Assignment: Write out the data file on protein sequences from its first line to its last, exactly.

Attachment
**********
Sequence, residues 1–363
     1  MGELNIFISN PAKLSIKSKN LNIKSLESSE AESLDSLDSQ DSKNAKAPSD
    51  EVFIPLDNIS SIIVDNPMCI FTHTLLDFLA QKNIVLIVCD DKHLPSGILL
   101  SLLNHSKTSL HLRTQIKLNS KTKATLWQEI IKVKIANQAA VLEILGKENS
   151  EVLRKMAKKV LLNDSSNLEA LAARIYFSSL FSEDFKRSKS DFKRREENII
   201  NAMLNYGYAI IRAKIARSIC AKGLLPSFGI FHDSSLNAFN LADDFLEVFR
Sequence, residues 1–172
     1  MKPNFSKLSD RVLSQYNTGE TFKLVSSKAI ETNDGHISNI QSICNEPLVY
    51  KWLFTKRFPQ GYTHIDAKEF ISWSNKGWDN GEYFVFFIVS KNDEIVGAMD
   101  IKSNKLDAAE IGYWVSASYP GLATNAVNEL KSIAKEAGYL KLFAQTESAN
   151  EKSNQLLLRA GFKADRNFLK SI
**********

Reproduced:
Sequence, residues 1–363
     1  MGELNIFISN PAKLSIKSKN LNIKSLESSE AESLDSLDSQ DSKNAKAPSD
    51  EVFIPLDNIS SIIVDNPMCI FTHTLLDFLA QKNIVLIVCD DKHLPSGILL
   101  SLLNHSKTSL HLRTQIKLNS KTKATLWQEI IKVKIANQAA VLEILGKENS
   151  EVLRKMAKKV LLNDSSNLEA LAARIYFSSL FSEDFKRSKS DFKRREENII
   201  NAMLNYGYAI IRAKIARSIC AKGLLPSFGI FHDSSLNAFN LADDFLEVFR
Sequence, residues 1–172
     1  MKPNFSKLSD RVLSQYNTGE TFKLVSSKAI ETNDGHISNI QSICNEPLVY
    51  KWLFTKRFPQ GYTHIDAKEF ISWSNKGWDN GEYFVFFIVS KNDEIVGAMD
   101  IKSNKLDAAE IGYWVSASYP GLATNAVNEL KSIAKEAGYL KLFAQTESAN
   151  EKSNQLLLRA GFKADRNFLK SI